It seems, they made it the right way. They used malted and unmalted wheat. They used Mosaic hops – a necessity in all modern IPAs. They didn’t add any hops in the kettle – which to old school homebrewers might sound wacky, but it’s the way of things these days. And they dry hopped it with some unnamed experimental hops. I picked up a six-pack, with my own money, figuring if it was bad, at least I could write a nice obituary for the brewery. 

But it’s actually pretty good. It’s hazy, not completely opaque, but throwing off a nice orange hue. It’s fruity – notes of melon and mango. The body is fluffy on the tongue, without the yogurty thickness that ruins some New Englanders. There is a sort of tooty fruity, bubblegum flavor on the finish that sticks out to me, but other than that it’s solid. 

I drank half the six-pack, and I was excited to do it.

KopstootjeThe kopstootje is the Dutch equivalent of a…

Kopstootje

The kopstootje is the Dutch equivalent of a boilermaker, but instead of a shot of whiskey and a beer, it’s a shot of jenever and a beer. The jenever, a kind of gin, is poured in tiny tulip shaped glasses right to the brim. In order to drink your shot and not spill all over your shirt, one must bend over and slurp it. Thus the name: kopstootje means “little headbutt” in Dutch. 

Usually, the beer is a basic lager, to emphasize the floral flavor of the jenever. But since 2011, Upright Brewing has been making the occasional kopstootje beer with spices found in Dutch gin – allspice, aniseed, angelica root, cloves, bitter orange, ginger, and of course juniper berries. They’ve served these beers at special jenever pairing events around town, but they haven’t seen wide release, until now.

Last year, the brewers squirreled away some kopstootje in local Vermouth barrels. The result is spiced beer with a balanced tartness and a dry tannin finish. We don’t have any proper Jenever in the house, so we paired it with a few scoops of raspberry and hibiscus coconut yogurt from Eb and Bean.

Kopstootje opens with a lemony farmhouse scent. It’s tart, but with spicy undertones. Raspberry with floral hints around the edges, and a creamy coconut body. Wait. That’s the ice cream. Kopstootje is harder to pin down. The spice is subtle; it’s impossible to draw out any particular flavor from the mass. It’s just sharp and then the acid is sharp. That’s not to say I didn’t enjoy the beer immensely. The flavor just isn’t as complex I would expect.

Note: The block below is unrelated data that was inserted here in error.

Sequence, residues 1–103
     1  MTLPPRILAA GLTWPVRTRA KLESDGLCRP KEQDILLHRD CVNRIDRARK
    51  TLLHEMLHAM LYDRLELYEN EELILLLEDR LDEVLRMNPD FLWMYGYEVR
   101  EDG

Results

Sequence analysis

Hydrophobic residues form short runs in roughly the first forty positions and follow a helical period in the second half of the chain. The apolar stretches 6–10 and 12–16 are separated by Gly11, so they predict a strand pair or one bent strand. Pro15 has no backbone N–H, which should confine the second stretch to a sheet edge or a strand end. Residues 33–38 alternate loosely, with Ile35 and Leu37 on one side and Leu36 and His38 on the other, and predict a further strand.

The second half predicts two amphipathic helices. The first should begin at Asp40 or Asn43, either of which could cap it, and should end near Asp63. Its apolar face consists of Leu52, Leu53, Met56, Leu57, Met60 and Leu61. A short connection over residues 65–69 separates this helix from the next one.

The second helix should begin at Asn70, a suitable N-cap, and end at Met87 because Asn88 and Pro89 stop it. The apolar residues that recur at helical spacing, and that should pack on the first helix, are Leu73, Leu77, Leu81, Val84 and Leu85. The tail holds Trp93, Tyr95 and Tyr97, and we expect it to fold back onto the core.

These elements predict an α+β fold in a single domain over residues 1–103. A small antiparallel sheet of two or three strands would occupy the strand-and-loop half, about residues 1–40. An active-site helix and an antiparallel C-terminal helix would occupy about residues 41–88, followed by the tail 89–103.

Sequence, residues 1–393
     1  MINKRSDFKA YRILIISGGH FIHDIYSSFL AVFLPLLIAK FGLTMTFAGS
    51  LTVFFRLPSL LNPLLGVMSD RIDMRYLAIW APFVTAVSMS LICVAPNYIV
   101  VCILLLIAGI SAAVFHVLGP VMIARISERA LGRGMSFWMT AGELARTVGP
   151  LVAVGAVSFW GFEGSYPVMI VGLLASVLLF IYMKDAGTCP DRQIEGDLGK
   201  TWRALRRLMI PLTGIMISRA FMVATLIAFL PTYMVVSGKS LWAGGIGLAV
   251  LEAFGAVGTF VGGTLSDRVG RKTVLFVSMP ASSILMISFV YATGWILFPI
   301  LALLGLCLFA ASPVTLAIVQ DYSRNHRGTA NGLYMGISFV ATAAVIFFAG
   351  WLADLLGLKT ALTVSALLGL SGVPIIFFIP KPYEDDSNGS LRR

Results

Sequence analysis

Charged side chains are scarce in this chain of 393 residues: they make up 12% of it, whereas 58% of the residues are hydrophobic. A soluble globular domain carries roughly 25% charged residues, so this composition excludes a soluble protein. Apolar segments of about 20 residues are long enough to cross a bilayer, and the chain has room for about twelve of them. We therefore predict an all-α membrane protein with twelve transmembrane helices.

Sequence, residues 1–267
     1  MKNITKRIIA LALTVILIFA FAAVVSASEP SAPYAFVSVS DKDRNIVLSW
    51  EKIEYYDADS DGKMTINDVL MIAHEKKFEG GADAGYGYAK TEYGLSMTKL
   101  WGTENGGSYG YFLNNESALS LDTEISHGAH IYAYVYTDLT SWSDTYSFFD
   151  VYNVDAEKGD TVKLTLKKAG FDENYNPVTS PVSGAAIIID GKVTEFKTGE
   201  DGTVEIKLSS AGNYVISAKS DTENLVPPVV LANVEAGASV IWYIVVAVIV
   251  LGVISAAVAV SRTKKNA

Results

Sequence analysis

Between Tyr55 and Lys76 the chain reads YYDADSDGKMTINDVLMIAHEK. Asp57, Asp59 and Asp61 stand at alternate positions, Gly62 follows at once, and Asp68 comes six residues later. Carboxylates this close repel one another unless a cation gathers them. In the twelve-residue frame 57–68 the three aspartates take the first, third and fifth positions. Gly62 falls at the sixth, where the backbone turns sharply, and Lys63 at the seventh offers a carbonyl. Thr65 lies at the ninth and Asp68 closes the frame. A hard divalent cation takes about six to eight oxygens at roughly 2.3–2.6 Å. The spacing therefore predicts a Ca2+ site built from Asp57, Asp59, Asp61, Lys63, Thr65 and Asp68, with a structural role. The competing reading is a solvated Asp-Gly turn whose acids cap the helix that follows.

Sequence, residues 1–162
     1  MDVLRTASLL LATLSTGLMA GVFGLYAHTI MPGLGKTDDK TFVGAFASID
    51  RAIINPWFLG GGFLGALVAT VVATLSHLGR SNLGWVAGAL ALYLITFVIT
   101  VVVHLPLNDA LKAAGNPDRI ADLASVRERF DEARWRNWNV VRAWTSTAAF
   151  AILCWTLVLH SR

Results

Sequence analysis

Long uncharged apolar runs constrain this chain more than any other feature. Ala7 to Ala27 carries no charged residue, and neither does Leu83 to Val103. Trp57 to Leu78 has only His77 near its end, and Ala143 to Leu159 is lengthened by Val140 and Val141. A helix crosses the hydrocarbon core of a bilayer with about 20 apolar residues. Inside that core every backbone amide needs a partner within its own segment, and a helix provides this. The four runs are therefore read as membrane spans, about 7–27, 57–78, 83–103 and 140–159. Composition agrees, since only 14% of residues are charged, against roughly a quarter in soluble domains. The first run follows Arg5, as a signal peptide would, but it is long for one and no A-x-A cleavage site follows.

OverripeTanya, Nate’s new girlfriend, made a tropical fruit…

Overripe

Tanya, Nate’s new girlfriend, made a tropical fruit salad for Easter. I can identify a mango is on sight. Passionfruit is a bit of a mystery flavor, but I remember the shape of it. Papaya? Guava? What’s that even look like? When a new beer comes out boasting juicy, tropical papaya flavor, I had literally no reference point, until now. Thanks to Tanya I can tell you straight up: juicy papaya tastes like feet. 

Well, overripe papaya tastes like feet. Papaya is a tricky fruit. People say it tastes melony, maybe a little peppery and musty. As it ripens the distinct funkiness of the fruit can get out of hand. The papaya at Easter had gone nasty. But I learned a lesson. I have a distinct sense memory for papaya. And that is exactly Block 15′s Tropical Slam Sticky Hands smells like. 

Tropical Slam is a special variation on the “hop experience ale” brewed with

Galaxy, Citra, Mosaic, and Apollo hops. It is a stinky beer. Hop aromas spill out of the can reeking of cannabis and very ripe fruit. That’s not to say it’s not tasty. The papaya funkiness fades into a nice pineapple and mango flavor with a round solid bitterness. It’s dank and tasty – if you can get past the body odor.